Performing a Mini Content Audit
Published July 2022
Have you ever wished you could have a deeply researched analysis of your newsroom’s output so you could understand the patterns and themes that your audience sees? You don’t need a team of researchers to experience the benefits of journalism content audits. The tips and worksheet below will help you capture new insights and learnings by taking a quick step back from your work.
Content analysis is both a generic term for analyzing content in a variety of ways, and a specific type of academic study.
But you don’t have to know how to conduct a white paper, scientifically replicable, peer-reviewed content analysis to gain the benefits of this process. You can “do” content analysis just by picking up a text — a series of columns, a series of headlines, a series of tweets, broadcast transcripts — and asking it questions. “What does this text say about X? What does it say about y? How many times does it reference Z?” Essentially, using book report techniques you remember from school on your journalism can change how you think about your everyday work. All you need is to take a step back to see patterns you can’t see when you’re feeding the beast or up against deadline.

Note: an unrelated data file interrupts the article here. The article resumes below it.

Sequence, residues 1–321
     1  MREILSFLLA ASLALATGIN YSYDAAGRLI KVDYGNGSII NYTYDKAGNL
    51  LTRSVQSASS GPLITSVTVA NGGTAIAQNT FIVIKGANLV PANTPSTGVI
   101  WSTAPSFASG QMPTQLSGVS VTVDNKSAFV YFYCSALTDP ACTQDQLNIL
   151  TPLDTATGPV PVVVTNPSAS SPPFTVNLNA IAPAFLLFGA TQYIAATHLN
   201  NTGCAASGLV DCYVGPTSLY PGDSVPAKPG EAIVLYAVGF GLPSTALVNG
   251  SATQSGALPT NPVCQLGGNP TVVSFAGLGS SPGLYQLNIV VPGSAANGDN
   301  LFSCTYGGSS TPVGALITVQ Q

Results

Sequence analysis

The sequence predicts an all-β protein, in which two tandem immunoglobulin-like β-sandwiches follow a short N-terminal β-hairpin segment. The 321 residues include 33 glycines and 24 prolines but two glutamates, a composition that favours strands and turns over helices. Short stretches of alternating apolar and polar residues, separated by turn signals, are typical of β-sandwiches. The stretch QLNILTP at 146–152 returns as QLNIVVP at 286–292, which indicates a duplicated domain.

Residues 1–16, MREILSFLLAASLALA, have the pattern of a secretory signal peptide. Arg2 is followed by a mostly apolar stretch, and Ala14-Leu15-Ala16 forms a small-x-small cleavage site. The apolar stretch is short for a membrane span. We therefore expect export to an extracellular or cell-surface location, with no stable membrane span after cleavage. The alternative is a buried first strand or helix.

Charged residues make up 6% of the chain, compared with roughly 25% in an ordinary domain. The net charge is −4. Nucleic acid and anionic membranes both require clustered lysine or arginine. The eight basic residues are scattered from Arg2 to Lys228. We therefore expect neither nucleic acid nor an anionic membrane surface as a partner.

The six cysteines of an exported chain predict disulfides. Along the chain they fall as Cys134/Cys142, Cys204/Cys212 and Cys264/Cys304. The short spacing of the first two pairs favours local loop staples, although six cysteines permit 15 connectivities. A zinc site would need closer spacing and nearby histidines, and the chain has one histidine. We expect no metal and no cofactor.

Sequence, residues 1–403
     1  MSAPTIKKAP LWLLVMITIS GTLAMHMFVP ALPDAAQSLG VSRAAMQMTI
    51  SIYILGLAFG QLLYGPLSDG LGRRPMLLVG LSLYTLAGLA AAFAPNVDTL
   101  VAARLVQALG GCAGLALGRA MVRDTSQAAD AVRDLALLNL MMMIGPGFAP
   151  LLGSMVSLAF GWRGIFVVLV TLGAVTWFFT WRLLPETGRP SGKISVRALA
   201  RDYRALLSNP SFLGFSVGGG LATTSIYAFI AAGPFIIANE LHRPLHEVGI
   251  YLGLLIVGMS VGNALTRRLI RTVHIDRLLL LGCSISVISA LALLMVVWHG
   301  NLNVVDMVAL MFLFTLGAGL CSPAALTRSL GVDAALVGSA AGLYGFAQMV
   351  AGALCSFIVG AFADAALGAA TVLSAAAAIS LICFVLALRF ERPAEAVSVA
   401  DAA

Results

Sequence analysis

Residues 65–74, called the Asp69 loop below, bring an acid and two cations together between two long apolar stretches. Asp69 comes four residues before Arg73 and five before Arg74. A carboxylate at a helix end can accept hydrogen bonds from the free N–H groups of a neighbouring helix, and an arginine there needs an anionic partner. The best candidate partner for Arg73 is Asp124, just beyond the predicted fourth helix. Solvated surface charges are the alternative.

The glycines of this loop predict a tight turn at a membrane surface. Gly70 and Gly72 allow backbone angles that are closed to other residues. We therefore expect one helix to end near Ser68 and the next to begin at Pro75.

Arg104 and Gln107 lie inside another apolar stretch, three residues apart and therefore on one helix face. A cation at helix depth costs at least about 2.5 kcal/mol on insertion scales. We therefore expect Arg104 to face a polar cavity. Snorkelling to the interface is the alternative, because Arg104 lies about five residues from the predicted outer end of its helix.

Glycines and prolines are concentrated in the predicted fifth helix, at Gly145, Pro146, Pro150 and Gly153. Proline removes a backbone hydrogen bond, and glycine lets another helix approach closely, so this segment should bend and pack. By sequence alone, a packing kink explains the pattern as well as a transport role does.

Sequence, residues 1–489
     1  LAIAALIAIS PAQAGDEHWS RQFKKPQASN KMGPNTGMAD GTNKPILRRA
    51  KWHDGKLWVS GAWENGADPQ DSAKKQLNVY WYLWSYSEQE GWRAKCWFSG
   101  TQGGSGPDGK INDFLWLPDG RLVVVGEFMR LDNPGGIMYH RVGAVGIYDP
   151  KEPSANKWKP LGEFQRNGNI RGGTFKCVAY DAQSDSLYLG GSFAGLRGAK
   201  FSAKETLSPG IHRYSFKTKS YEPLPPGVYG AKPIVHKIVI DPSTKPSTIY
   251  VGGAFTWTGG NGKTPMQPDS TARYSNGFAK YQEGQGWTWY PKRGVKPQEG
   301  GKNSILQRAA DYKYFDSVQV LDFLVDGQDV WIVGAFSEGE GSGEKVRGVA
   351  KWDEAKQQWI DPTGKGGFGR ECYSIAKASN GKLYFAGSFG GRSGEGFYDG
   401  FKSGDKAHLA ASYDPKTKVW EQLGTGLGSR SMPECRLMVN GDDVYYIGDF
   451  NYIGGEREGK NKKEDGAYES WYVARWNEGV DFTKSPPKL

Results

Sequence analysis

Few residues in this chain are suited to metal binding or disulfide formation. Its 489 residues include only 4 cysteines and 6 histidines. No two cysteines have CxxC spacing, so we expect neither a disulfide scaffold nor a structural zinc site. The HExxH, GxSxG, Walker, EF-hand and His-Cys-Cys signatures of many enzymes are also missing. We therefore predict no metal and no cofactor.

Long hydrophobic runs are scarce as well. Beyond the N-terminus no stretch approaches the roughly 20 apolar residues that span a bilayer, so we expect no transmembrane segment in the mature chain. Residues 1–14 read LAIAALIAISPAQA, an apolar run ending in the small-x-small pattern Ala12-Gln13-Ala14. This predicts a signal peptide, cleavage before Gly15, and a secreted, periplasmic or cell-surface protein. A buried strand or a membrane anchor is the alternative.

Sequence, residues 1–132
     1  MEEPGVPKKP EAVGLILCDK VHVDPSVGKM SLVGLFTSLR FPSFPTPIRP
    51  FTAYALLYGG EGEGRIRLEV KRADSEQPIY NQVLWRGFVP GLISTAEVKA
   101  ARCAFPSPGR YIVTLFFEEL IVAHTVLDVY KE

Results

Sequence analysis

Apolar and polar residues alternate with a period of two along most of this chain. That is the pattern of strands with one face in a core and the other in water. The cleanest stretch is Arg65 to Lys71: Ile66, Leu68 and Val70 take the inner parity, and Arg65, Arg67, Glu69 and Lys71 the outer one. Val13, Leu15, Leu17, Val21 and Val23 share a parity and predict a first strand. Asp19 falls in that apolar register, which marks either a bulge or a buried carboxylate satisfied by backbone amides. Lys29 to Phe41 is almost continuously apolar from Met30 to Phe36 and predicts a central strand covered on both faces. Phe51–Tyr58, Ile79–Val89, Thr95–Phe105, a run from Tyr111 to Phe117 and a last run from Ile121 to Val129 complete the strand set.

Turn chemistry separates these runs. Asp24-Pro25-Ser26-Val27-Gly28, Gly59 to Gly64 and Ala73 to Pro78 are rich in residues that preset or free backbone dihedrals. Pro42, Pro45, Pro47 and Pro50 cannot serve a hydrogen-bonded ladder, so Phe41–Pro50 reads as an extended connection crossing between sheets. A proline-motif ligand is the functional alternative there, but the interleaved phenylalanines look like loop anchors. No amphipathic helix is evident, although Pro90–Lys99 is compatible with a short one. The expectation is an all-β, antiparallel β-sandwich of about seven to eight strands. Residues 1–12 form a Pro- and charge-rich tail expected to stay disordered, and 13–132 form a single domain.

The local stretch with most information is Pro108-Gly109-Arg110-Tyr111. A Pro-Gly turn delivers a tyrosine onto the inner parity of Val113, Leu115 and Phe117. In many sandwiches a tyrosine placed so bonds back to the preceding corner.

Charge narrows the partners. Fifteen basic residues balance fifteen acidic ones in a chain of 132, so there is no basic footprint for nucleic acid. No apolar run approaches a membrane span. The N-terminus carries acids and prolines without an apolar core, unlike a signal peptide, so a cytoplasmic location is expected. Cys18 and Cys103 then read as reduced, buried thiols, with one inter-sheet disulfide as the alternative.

Let’s break it down into a few easy steps.
- Ask yourself a question: What do you want to learn about your work?
- Decide when and what you’ll dig into, and how much time you can dedicate to that.
- Come up with some categories to sort this content into.
- After sorting your content into categories, examine the patterns that emerge.
The most important part of this is to build a process of collecting data that you can make meaning out of. Finding those patterns will help you make informed choices when reporting.
Download the worksheet below to take this process on yourself.